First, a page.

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Training a soldier for a specific job or military occupational specialty (MOS) in the U.S. Army represents an investment of time, money and resources. Soldiers spend months and sometimes years training for a specific job depending on their MOS, and under most circumstances, the Army will not allow a soldier to retrain and change jobs. In cases where a soldier serves in an MOS that is overstrength (too many soldiers who are MOS qualified but not enough jobs for them to fill) there is an opportunity to retrain into an MOS that is understrength (not enough qualified soldiers to fill open vacancies) through the Bonus Extension and Retraining Program (BEAR).
Speak with a reenlistment and retention noncommissioned officer (NCO). The reenlistment NCO will produce a list of understrength MOS vacancies and provide advice and assistance in making a career change. The retention NCO will also advise whether the soldier's current MOS is overstrength or understrength. If it is understrength, the solider will not be able to switch careers. If it is overstrength, the solider can begin the process of switching his or her MOS.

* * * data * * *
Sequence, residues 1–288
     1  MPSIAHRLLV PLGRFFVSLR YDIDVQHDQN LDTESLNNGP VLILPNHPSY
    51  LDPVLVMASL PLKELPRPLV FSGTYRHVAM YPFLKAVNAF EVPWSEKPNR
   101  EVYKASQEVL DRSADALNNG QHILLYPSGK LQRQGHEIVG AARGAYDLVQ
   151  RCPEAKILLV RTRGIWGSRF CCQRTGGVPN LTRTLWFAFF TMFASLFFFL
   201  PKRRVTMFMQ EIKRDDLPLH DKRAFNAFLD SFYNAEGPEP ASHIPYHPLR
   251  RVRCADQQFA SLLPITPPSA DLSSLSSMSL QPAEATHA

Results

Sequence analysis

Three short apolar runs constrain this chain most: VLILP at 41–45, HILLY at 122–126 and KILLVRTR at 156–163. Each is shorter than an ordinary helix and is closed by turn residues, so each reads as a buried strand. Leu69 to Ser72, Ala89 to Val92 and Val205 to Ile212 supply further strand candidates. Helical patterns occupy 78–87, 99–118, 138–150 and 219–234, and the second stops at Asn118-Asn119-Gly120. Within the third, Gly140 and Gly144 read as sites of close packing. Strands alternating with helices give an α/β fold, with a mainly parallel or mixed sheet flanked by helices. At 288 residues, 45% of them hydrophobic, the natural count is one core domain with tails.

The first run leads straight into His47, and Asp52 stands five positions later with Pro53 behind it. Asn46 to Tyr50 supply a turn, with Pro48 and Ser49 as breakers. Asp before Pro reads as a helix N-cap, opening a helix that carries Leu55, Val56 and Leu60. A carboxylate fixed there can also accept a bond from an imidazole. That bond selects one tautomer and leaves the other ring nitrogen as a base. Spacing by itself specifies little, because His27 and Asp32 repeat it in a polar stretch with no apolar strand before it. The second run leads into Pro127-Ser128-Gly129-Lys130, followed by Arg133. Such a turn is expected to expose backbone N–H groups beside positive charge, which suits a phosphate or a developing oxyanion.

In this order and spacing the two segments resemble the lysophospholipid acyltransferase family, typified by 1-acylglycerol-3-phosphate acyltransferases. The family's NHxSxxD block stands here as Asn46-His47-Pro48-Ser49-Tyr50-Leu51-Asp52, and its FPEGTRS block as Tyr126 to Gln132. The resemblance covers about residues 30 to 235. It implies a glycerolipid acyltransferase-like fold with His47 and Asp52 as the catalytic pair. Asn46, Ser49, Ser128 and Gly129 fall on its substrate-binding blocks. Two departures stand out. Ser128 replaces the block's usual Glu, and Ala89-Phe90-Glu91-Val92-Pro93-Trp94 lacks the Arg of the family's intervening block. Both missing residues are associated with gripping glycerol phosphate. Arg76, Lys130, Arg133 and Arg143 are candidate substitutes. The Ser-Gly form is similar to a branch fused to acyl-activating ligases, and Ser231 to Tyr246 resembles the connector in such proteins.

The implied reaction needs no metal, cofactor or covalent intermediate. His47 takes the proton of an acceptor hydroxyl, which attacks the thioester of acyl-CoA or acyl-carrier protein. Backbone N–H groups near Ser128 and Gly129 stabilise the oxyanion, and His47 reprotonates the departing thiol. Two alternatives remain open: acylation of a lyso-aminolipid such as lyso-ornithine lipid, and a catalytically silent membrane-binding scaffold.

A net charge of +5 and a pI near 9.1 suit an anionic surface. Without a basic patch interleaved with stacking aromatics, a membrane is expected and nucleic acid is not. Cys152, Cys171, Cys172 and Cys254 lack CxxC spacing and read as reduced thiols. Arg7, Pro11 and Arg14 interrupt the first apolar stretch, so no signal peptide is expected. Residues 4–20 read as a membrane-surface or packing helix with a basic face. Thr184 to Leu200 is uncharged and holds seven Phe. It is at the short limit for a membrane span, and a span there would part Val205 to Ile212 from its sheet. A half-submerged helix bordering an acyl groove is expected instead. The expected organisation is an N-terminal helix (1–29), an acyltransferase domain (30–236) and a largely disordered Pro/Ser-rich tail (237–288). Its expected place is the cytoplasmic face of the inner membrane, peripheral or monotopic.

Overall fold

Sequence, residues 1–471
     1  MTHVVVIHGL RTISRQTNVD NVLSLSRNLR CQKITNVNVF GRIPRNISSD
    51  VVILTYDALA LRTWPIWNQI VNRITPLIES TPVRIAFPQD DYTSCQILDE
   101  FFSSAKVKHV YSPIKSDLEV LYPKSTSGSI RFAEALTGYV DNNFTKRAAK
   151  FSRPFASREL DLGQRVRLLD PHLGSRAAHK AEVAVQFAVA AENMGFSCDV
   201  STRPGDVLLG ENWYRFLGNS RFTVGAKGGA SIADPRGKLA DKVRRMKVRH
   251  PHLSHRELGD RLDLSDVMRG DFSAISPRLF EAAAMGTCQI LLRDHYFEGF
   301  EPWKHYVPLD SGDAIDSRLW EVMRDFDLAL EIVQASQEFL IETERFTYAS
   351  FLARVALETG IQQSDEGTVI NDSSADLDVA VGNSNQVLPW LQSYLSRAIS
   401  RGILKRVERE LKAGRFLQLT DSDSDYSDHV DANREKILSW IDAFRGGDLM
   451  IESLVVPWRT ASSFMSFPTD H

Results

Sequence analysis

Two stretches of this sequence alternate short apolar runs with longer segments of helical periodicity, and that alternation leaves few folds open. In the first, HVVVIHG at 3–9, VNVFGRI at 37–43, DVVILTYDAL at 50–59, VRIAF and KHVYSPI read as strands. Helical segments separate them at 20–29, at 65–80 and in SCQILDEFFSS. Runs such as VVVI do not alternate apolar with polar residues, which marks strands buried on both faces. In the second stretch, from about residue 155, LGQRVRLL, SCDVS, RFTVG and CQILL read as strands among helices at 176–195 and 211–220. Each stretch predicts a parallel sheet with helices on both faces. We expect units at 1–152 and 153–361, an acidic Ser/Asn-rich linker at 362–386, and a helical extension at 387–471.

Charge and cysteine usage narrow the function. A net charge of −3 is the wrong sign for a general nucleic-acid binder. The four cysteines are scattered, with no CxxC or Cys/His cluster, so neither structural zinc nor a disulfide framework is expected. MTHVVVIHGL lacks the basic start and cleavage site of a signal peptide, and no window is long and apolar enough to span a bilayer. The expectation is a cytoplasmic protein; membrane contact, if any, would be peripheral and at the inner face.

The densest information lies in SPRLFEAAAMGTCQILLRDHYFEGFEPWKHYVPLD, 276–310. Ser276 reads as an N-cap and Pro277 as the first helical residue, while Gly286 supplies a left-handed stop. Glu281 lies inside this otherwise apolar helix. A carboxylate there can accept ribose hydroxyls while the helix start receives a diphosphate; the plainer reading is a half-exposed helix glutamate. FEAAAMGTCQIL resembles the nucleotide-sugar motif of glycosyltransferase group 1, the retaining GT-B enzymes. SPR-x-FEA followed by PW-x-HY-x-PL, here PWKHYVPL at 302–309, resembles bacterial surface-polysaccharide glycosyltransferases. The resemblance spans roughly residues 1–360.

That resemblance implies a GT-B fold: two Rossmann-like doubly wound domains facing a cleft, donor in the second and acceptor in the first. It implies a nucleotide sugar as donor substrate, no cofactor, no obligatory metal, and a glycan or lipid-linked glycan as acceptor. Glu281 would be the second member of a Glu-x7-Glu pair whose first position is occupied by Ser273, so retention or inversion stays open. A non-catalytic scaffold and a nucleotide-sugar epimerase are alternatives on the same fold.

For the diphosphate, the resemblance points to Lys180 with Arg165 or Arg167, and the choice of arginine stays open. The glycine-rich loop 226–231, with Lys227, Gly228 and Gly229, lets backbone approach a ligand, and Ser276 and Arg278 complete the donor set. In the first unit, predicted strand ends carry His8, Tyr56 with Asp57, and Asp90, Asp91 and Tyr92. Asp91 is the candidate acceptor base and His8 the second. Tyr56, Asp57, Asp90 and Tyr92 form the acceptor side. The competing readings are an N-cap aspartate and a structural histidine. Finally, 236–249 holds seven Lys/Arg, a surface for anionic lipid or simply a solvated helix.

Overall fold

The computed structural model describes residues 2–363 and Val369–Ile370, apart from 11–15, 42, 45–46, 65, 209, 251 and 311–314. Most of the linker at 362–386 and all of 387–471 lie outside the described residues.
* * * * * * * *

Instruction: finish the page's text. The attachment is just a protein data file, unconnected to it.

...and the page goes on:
Select an MOS from the list provided by the retention NCO. A soldier should choose carefully and make sure the job picked is one he or she wants to do for the remainder of the time in the Army.
Extend the current tour of duty as outlined by the retention NCO. How long a soldier must extend his or her tour of duty will depend on how long the soldier has served and how long it takes to train in the new MOS.
Complete all required training to earn the new MOS award. Training will vary considerably for the new MOS, with some jobs taking only weeks of training and others taking a couple of years.
Reenlist under the new MOS to work in that job and collect any bonus associated with it. Reenlistment options will vary considerably depending on the MOS.
Before speaking with a reenlistment and retention NCO, a candidate should check within his or her chain of command to make intentions clear and to ask for career guidance in selecting a new MOS. This helps to keep the lines of communication open and leaves no hard feelings if switching is not possible and the soldier must remain with his or her current unit.
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